Paul Cantor is the Clifton Waller Barrett Professor of English and Comparative Literature at the University of Virginia. He has written on a wide range of subjects, including Shakespeare, Romanticism, Austrian economics, and contemporary popular culture.
Paul A. Cantor is Clifton Waller Barrett Professor of English and Comparative Literature at the University of Virginia, where he has taught since 1977.
From 1992 to 1999, Cantor served on the National Council on the Humanities, the governing board of the National Endowment for the Humanities. He has published extensively on Shakespeare, including his books Shakespeare’s Roman Trilogy (University of Chicago Press, 2017), Shakespeare’s Rome: Republic and Empire (Cornell, 1976), and the Hamlet volume in the Cambridge Landmarks of World Literature series (Cambridge University Press, 1989, 2004). He has also published essays on The Merchant of Venice, Henry V, As You Like It, Hamlet, Othello, Macbeth, King Lear, Timon of Athens, Antony and Cleopatra, and The Tempest, as well as on general issues of Shakespeare criticism.
In addition to Shakespeare, he has written about other English Renaissance dramatists, including Christopher Marlowe, Ben Jonson, Cyril Tourneur, and John Ford. Among the other fields he has worked in are British Romantic literature and American popular culture. His book Gilligan Unbound: Pop Culture in the Age of Globalization (Rowman & Littlefield, 2001) was named one of the best nonfiction books of 2001 by the Los Angeles Times. In the Fall of 2007 and 2012, Cantor was a Visiting Professor of Government at Harvard and taught a course on Shakespeare and Politics, which he also taught in the Spring of 2015.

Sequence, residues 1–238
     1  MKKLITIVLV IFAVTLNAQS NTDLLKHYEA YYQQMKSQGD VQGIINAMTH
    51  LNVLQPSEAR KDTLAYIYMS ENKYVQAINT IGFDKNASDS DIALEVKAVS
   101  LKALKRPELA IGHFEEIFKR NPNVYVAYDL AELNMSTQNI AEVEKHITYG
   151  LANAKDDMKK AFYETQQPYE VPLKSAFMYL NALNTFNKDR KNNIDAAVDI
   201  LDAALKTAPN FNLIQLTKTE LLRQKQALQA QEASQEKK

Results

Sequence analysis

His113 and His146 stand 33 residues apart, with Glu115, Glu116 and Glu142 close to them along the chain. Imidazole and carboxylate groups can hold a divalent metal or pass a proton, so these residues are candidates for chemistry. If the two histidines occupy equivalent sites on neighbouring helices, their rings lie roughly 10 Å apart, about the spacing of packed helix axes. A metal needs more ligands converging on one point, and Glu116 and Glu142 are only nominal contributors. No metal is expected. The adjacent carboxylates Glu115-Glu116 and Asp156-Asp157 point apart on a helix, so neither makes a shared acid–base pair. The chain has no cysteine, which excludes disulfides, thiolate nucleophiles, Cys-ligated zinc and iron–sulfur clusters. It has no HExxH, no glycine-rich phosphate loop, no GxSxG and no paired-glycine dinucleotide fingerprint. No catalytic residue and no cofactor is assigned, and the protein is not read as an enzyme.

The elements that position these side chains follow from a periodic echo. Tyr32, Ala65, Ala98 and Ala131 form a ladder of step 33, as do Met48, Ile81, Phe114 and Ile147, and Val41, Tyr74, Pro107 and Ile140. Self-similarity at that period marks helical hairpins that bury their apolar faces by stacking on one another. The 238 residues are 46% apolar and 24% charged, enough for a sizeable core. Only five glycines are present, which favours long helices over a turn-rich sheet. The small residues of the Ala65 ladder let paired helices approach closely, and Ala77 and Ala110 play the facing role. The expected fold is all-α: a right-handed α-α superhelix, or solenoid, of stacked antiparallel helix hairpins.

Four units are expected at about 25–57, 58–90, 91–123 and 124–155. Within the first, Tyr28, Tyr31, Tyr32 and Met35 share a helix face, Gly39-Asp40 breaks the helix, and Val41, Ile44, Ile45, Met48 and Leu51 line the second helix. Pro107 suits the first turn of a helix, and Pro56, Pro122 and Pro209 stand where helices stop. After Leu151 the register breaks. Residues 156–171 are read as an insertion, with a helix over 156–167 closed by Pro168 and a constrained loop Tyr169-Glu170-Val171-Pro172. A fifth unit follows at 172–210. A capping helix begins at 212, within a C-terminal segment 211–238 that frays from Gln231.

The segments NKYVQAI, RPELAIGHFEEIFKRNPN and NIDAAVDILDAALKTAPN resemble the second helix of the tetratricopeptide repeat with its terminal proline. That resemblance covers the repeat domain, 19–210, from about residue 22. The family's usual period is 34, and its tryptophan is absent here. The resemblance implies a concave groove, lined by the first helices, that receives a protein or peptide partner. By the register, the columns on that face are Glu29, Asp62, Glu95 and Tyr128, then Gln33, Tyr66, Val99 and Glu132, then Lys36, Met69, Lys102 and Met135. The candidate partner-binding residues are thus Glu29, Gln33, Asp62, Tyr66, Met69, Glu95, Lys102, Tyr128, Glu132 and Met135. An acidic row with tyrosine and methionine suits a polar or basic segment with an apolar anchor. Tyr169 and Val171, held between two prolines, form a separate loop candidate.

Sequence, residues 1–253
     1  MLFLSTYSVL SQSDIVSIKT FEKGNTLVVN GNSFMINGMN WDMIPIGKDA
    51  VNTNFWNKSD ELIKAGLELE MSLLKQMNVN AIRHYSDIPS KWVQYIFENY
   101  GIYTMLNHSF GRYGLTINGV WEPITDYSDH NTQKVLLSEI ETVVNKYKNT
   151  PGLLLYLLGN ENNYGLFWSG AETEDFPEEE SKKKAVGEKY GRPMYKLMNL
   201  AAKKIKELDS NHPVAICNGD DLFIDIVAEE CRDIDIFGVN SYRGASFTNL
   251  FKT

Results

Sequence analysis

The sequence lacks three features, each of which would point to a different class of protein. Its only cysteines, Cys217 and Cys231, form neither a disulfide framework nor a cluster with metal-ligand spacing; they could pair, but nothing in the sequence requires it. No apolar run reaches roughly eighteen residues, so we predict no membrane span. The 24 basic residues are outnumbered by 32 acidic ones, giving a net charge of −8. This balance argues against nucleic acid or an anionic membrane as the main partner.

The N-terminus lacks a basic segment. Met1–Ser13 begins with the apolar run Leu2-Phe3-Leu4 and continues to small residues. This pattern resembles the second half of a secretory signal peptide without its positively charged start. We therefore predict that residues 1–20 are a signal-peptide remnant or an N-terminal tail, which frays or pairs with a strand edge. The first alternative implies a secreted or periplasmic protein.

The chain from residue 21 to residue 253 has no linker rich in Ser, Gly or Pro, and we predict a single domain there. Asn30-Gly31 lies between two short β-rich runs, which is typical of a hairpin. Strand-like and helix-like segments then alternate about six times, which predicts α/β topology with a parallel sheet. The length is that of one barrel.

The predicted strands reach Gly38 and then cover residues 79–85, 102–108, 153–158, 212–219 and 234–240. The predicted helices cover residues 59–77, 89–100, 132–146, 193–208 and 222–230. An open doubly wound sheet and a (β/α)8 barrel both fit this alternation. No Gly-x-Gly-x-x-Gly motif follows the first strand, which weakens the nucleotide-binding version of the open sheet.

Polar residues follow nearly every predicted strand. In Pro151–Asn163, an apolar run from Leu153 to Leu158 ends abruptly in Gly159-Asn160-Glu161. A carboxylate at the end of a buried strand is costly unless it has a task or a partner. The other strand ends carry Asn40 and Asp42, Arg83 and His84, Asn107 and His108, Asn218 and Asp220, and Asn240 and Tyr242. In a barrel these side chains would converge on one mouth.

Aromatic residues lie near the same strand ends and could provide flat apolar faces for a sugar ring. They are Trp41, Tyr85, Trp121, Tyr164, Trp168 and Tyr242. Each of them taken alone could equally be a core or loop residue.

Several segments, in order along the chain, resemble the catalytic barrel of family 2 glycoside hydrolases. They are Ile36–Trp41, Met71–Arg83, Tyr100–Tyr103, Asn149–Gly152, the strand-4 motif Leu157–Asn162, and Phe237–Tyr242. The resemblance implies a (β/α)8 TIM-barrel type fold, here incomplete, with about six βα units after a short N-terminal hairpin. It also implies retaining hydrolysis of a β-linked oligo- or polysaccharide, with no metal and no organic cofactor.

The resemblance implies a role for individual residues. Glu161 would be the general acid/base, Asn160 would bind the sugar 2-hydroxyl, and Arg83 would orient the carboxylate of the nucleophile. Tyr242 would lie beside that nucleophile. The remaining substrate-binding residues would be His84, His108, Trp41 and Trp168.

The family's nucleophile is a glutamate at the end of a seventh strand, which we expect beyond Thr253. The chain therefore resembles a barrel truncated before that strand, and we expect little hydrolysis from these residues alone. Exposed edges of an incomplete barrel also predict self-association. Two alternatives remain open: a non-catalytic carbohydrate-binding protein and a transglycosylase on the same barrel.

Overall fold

Cantor received his BA in 1966 and his Ph.D. in 1971 from Harvard University, where he was an assistant professor of English from 1971 to 1977.
Reflect on the enduring value of liberal education and its importance for a free society.
Robert C. Bartlett is the Behrakis Professor of Hellenic Political Studies at Boston College. His principal area of research is classical political philosophy, with particular attention to the thinkers of ancient Hellas, including Thucydides, Plato, and Aristotle. He is the co-translator of a new edition of Aristotle’s Nicomachean Ethics.